Business owners driven by personal involvement in the sport have created a subculture of amateur sponsored athletes who don't generate additional net profits. These sponsored athletes have full-time jobs outside of endurance sports, earn middle class or greater incomes in their full-time careers and don't devote a significant amount of hours returning anything to their so-called sponsors. They are hobbyists. Worse yet, if they weren't sponsored most of them would still be buying at full retail.
Retailers have, in many cases, sponsored away their best customers. Many of these customers are very good athletes but they aren't in the business of sports marketing to return a profit to their sponsors. They are consumers turned bad, ruined by a bike retail industry not focused on the bottom line and looking for quick popularity from customers looking for a quick deal. It's like buying votes rather than earning them.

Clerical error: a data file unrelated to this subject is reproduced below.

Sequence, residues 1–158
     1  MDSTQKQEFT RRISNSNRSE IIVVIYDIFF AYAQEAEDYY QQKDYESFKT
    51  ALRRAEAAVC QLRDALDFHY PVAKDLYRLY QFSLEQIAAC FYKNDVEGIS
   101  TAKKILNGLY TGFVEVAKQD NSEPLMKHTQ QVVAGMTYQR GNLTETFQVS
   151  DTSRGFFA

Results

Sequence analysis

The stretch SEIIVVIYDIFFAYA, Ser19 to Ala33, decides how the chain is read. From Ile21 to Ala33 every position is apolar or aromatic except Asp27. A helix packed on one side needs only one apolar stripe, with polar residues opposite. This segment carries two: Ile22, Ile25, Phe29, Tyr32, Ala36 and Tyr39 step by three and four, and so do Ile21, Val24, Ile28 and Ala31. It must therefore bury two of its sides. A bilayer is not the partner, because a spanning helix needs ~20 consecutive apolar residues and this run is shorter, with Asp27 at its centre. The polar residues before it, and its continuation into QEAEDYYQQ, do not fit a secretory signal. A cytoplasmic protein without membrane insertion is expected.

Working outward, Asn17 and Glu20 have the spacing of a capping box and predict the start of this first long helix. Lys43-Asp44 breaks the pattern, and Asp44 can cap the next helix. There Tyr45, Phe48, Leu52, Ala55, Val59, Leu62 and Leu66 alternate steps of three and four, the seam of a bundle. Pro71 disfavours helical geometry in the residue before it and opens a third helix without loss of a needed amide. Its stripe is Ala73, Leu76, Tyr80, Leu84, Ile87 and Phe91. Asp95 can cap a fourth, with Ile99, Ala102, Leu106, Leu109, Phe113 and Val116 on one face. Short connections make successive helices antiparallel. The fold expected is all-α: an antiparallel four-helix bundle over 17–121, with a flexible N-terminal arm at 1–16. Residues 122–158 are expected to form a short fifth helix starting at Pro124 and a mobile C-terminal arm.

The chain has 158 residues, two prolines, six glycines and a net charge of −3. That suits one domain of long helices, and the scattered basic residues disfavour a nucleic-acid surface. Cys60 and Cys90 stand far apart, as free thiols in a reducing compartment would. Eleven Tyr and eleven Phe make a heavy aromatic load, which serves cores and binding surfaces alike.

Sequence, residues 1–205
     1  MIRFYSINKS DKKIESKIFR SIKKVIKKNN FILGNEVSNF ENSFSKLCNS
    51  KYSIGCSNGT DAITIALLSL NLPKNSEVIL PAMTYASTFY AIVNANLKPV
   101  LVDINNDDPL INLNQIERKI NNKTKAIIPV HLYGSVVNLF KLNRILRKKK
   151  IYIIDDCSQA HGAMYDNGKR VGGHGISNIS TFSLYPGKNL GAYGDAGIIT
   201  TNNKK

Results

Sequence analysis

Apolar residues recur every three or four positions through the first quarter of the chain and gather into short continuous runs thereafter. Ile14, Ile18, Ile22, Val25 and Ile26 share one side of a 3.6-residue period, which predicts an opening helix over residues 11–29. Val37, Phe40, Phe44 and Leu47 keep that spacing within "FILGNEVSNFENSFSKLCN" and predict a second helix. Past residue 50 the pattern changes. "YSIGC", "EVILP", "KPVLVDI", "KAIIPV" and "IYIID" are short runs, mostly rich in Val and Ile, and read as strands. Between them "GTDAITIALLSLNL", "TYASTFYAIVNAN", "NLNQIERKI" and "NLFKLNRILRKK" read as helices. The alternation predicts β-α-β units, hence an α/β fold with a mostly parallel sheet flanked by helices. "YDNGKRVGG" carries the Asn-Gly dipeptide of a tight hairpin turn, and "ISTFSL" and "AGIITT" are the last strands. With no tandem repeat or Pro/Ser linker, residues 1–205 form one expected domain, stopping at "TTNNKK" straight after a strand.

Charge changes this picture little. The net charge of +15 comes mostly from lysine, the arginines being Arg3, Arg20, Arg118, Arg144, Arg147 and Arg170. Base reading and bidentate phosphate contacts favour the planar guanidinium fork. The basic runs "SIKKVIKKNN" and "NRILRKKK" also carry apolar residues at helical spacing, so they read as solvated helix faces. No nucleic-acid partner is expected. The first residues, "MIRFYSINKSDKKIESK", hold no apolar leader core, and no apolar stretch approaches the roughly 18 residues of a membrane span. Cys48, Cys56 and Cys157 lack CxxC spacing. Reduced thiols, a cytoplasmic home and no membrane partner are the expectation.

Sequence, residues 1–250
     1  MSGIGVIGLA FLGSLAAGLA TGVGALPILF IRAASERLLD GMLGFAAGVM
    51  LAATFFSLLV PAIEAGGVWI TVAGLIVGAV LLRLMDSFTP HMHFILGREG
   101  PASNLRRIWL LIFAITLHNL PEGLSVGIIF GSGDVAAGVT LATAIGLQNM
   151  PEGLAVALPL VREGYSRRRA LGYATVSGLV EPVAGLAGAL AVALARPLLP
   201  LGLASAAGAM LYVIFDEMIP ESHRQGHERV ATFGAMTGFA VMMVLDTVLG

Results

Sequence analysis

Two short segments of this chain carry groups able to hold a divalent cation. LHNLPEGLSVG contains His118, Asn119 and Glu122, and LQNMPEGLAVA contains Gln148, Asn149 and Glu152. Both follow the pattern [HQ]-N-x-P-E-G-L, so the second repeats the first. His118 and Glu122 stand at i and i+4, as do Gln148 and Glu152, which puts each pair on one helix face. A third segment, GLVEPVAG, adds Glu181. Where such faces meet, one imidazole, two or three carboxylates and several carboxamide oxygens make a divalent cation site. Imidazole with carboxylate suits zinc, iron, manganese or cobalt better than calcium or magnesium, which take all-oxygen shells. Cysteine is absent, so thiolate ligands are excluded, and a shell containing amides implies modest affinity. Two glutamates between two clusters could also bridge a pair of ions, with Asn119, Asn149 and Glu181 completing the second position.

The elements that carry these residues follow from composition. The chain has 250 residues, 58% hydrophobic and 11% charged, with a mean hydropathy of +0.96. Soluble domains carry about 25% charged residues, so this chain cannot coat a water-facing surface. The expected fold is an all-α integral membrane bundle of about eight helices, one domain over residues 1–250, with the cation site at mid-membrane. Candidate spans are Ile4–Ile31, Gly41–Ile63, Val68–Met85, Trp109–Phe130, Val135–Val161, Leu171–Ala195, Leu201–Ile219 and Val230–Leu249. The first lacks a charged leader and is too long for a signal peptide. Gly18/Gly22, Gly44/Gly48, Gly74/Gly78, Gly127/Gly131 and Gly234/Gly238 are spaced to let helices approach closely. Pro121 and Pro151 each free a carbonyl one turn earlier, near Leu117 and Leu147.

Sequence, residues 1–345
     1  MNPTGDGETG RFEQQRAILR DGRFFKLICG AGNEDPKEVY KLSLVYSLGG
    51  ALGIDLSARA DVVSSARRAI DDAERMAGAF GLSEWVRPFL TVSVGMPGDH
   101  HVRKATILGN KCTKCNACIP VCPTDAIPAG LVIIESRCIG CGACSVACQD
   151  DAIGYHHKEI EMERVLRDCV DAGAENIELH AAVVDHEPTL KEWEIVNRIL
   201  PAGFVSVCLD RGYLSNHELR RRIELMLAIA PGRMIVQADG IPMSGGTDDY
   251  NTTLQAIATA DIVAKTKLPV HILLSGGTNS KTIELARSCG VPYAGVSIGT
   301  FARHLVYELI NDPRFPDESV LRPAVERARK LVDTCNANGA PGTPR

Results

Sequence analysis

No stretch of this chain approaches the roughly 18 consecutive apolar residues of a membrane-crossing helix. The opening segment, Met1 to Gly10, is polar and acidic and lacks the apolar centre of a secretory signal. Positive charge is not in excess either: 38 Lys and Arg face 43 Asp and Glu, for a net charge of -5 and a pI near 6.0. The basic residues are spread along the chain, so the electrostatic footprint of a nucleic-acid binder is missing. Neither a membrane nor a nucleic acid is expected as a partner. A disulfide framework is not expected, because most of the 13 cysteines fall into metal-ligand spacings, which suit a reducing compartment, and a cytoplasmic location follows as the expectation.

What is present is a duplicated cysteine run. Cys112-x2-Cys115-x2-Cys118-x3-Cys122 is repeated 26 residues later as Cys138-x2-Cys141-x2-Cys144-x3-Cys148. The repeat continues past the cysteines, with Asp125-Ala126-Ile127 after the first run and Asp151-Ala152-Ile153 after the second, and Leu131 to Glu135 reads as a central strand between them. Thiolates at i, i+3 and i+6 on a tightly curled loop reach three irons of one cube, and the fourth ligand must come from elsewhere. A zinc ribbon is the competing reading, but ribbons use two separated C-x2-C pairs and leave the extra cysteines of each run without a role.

Athletes aren't the ones to blame for the sponsorship dilemma. Undisciplined retailers are. I should know, I've been one, and the last four years have been a cathartic process of trying to learn something from my own mistakes.
One of the issues is that once local bike dealers launch their sponsored athletes and teams they do almost nothing to broadcast the message about it. There are proven axioms in professional sponsorship that, for every dollar a sponsor spends on sponsorship they need to spend $8 to $10 talking about it. Big brands can afford this. Bike dealers can't. As a result, once the discounts and swag are given out, the dealer sees little in return except more sponsorship requests as savvy consumers learn to never pay retail when they can easily negotiate a sponsorship discount instead. It begins a death spiral of increasing expectation for discounts that the retailer has a difficult time reversing.